You Don'tHave a Recruiting Problem

February 20th, 2013

HireVue Team

Recruiting Teams, Video Interviewing

Recruiters have it tough. Finding just the right person for that open position can be as difficult as finding a particular grain of sand on the beach, but that’s assuming you’ve managed to find the beach in the first place. If you’re not getting the quantity of job applicants you want, you might think you have a recruiting problem. But rather than spending hours re-wording your job descriptions to make them seem more exciting, or looking for yet another job board to post them on, maybe you should consider approaching your recruiting problem as a marketing problem. Software Advice did a little digging and found four basic strategies recruiters can use to win more and better candidates, or metaphorically, to find that beach.

Build Awareness Among Candidates

Companies with little to no name recognition have a tough time recruiting. All things being equal, most candidates would rather pursue a job with a company they’ve heard of, rather than the one they haven’t. Posting job vacancies in all the usual places isn’t going to get you noticed.

Your best bet: try an unusual tactic. For instance, BBDO, an advertising company attempting to recruit talented young copywriters, created “The World’s First Napkin Book” and stuck it on lunch trays in universities to build awareness among young literature students. It worked. They got 15 times more applications the month after the campaign launched than the month before.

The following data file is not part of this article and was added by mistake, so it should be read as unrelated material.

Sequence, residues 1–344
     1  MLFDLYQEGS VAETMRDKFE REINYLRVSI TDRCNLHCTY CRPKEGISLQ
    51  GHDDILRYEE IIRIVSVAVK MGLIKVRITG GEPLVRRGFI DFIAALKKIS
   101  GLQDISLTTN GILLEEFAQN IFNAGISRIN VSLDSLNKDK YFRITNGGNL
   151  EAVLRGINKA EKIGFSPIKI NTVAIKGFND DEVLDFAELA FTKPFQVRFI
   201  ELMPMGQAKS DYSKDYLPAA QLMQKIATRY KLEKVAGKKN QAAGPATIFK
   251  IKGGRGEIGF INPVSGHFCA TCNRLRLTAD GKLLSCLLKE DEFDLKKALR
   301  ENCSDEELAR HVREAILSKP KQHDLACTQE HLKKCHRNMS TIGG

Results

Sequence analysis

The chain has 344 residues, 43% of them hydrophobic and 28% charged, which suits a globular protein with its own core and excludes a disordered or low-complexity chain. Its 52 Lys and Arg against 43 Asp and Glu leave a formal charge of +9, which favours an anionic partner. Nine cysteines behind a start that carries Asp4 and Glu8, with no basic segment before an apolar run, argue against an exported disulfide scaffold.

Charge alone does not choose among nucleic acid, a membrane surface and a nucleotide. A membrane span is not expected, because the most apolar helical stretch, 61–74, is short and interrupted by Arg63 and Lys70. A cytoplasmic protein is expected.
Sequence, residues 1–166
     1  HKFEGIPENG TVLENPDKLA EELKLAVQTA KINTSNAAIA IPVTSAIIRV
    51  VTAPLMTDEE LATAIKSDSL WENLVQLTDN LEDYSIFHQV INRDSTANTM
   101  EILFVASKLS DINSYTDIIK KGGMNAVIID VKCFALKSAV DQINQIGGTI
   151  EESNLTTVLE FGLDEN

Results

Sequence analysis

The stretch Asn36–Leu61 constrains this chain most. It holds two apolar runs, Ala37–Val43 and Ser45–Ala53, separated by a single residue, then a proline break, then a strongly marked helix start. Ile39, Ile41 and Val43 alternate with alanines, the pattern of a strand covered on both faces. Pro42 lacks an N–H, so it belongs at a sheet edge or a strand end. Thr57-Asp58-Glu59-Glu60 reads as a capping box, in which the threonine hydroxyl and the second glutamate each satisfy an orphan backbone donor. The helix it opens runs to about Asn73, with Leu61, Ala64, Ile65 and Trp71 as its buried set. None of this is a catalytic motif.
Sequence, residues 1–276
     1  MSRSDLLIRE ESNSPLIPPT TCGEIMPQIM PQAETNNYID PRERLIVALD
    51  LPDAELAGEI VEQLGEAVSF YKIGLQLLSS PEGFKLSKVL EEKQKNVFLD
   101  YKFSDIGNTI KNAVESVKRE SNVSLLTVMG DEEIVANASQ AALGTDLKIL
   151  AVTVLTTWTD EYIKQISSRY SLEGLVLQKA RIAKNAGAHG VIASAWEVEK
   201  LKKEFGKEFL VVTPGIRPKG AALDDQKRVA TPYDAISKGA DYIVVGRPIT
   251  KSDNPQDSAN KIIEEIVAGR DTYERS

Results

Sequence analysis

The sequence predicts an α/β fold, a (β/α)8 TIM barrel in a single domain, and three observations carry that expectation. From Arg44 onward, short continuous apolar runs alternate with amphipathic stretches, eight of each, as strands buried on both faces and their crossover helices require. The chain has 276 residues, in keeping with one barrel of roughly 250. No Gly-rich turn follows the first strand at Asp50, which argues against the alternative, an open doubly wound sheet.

Instill Preference to Work for You

Marketers will tell you that creating awareness is only part of the challenge. You also have to instill preference candidates have to want to work for you. Military and intelligence agencies worldwide know this all too well. In the face of declining recruitment levels, they’ve turned to video games to boost excitement about working for them. GCHQ, a U.K. government intelligence agency, embedded ad campaigns in Xbox Live games to get the attention of agile-minded 18 to 34 year olds. Meanwhile, the New Zealand government created its own video game to attract applicants to the Kiwi army. Even the U.S. Army has long been involved in the production of video games, with the intent of increasing its appeal to young men.

Stand Out from the Crowd

Generally, most companies make it a high priority to differentiate themselves from competitors. The same is true when recruiting.

To attract employees that stand out, you, as a company, have to stand out. But as James Clift, CEO of KarmaHire, explains, that’s hard to do. “There’s nine billion dollars spent on recruitment advertising a year,” he said, “And there’s all these amazing companies out there, and they really just all look the same right now with their job postings.”

Although your company might have a great work culture, so great that employees actually want to go to work in the morning, the job description and even the job itself might be similar to jobs offered by your competitors.